My backlog is huge. It’s much easier for me to type than it is to edit. Hm. It’s also easier to type on the plane than it is to read sometimes, too- bumpy flight. I’ll wrap up Intensive Science shortly.

I wanted to give a brief account of what, exactly, I find interesting in DeLandan/Deleuzian thought, because an old roommate raised his eyebrows when I started bringing them up in conversation. Deleuze was a target in Sokal’s infamous Fashionable Nonsense. 

I wanted to sketch my trajectory a bit.

I often feel the need to do this, not just to explain to you but also to keep my story straight to myself.

My philosophical disposition is Pragmatic.

When I was in college, analytic philosophy was philosophy and “continental” philosophy [narrowly defined. Usually French.] was hip literary stuff, occasionally interesting but not instrumental. There were exceptions we* allowed in day-to-day conversation: for example Bogost and Zizek, both because their delivery was exciting [ie. combative] enough that we didn’t have to deal with the characteristic obscurity of the not-obviously-analytical way.

I’ve always been aesthetically repulsed by the vague idea of the mystical/spiritual/transcendent. Even as some of my nontheist friends came to describe themselves as “not religious but spiritual”, I found that disposition unsatisfying. If anything, the other part of religion was the only part that ever really appealed to me- to paraphrase Venkatesh Rao, I might’ve been “not spiritual/religious but ritualistic”. I felt that the ritual obviously felt and did something, even if the Truth they meant to represent was dubious. The deep, emotive (“spiritual?”) side of religion was totally alien to me, and the embodied experience as a legitimate idea is only a couple of years old to me. It just wasn’t in my bones. As a church-going teenager who was dimly aware of his own atheism I thought that maybe something was wrong with me, that if I did all of the moves right I would some day “feel” the Truth.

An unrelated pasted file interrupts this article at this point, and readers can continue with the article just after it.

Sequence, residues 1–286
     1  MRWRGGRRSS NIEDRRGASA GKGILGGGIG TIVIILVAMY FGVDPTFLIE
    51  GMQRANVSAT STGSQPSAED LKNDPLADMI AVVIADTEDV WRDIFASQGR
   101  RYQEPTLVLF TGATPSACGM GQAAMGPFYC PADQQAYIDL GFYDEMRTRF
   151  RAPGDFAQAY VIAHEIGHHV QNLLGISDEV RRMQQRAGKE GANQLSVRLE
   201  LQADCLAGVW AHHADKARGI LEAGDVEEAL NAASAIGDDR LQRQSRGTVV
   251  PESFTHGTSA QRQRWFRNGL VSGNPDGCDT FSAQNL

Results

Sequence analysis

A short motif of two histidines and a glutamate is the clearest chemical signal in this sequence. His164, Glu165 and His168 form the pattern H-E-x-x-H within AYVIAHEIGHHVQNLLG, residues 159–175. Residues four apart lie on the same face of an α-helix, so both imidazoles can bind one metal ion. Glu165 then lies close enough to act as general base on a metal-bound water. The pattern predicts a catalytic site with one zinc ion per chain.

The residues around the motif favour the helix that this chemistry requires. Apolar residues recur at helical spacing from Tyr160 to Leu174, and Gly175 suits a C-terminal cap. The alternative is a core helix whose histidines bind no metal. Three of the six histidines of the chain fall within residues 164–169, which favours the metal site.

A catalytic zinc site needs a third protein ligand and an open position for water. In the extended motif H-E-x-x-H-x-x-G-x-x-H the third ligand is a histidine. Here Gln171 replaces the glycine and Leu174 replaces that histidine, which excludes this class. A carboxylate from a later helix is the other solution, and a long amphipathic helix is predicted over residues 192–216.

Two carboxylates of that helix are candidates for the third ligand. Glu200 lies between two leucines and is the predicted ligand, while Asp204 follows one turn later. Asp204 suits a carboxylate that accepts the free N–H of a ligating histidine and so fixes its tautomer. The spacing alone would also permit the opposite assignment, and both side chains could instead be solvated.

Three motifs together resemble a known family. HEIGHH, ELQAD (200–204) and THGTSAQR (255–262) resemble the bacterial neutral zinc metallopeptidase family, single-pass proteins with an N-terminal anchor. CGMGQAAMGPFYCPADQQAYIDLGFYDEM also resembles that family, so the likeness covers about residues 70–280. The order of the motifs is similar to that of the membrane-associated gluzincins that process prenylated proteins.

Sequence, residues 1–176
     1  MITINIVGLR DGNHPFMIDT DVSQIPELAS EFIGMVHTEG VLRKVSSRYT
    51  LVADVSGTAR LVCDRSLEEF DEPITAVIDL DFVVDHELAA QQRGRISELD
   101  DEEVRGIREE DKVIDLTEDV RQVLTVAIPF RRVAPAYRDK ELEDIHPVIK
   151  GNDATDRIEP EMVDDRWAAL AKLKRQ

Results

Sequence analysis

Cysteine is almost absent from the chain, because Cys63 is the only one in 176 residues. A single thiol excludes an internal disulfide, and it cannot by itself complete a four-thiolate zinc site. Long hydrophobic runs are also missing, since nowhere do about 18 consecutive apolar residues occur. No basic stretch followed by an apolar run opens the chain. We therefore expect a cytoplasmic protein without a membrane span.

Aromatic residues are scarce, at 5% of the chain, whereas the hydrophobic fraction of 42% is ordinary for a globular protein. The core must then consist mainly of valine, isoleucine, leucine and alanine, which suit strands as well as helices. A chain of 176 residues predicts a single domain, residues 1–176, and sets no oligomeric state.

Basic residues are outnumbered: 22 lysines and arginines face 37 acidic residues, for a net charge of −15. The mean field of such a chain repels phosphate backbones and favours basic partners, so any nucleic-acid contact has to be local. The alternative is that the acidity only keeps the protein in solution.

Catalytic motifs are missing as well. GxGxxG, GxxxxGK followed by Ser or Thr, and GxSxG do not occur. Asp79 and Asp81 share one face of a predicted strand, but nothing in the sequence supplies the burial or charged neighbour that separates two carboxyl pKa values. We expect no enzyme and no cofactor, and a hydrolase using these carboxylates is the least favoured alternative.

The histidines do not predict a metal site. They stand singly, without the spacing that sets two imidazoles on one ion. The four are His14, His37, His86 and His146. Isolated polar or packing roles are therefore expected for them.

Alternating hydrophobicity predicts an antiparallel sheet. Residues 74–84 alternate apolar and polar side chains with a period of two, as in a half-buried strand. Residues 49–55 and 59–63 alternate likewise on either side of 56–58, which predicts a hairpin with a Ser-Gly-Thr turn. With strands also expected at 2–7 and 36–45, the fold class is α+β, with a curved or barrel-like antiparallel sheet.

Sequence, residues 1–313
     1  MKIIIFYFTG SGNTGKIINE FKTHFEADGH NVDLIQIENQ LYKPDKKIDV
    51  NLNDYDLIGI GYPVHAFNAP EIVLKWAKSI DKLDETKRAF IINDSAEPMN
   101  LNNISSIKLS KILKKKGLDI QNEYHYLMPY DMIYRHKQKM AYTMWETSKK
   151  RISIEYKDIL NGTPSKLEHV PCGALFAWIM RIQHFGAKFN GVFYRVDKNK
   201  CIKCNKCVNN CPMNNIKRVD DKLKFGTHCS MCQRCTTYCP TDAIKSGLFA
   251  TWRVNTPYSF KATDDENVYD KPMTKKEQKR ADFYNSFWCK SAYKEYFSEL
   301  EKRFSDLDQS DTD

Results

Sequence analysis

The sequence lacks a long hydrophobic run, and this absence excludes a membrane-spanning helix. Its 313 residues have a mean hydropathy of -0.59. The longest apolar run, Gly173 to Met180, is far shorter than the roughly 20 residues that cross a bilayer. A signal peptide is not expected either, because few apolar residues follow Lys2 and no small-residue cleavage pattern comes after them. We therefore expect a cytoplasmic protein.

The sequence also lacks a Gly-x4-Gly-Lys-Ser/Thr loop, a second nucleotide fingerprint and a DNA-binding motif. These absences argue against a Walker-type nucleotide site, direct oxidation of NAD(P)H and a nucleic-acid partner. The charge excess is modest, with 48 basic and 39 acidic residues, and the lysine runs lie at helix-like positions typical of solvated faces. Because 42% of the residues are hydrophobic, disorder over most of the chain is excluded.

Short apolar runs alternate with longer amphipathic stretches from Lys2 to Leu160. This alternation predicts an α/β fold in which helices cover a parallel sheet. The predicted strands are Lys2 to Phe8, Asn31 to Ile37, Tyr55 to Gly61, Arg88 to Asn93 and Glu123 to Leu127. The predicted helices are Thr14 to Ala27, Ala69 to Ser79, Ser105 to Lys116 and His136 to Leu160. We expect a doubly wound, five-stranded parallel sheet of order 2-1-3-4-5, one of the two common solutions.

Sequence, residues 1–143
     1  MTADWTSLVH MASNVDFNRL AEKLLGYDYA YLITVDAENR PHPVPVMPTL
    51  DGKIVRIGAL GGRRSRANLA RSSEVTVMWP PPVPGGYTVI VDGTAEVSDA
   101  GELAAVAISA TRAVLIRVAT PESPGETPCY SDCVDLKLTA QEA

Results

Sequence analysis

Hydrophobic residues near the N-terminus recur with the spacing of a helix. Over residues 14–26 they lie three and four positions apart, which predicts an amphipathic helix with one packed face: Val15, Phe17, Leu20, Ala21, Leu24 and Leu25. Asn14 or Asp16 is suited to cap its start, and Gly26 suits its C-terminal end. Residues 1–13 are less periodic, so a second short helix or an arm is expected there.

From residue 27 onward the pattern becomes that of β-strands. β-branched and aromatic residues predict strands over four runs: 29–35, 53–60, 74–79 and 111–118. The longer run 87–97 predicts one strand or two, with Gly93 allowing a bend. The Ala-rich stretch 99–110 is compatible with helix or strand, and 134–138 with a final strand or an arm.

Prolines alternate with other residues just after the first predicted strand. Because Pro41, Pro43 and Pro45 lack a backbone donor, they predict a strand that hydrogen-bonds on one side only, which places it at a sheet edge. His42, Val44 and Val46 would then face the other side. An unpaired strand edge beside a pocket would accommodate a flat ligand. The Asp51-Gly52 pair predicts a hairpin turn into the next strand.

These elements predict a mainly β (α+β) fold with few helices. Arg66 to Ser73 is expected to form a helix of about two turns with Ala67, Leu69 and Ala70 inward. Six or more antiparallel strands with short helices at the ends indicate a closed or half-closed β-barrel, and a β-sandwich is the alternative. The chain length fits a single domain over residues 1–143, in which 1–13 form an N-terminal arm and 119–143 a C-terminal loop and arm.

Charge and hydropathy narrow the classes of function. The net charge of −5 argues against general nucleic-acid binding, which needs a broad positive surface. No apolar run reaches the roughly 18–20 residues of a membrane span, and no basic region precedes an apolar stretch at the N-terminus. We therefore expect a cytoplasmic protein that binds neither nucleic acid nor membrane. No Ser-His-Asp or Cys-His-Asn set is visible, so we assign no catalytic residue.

(I never did).

When I did finally drop my Christian label [or rather, when I adopted the Atheist/Rational Skeptic one proper], my belief structure did not radically change- the only difference was that I was free to occasionally vent some anti-theism (usually an unproductive behavior). I still had an obvious problem though, one that Dennett would help me to articulate when he spoke about the Cartesian theater. To steal from Spengler’s language on pseudomorphism, I suffered from “Atheism-after-[previous]”- the shape of my belief system was warped by my previous belief system. I became aware that I was presupposing concepts that are totally coherent from the worldview that I allegedly rejected, and it gnawed at me. I was suspicious of anything that smelled like “the soul”, for example, or “linear, apocalyptic history”. Not that they were obviously wrong necessarily, but I became more aware of these assumptions. A less personal view of this contention can be found in Kevin Simler’s excellent recent article on Ribbonfarm, “Technical Debt of the West.” Raw, mechanical rhetorical replacements did not seem appropriate, but the alternatives I knew of were unconvincing.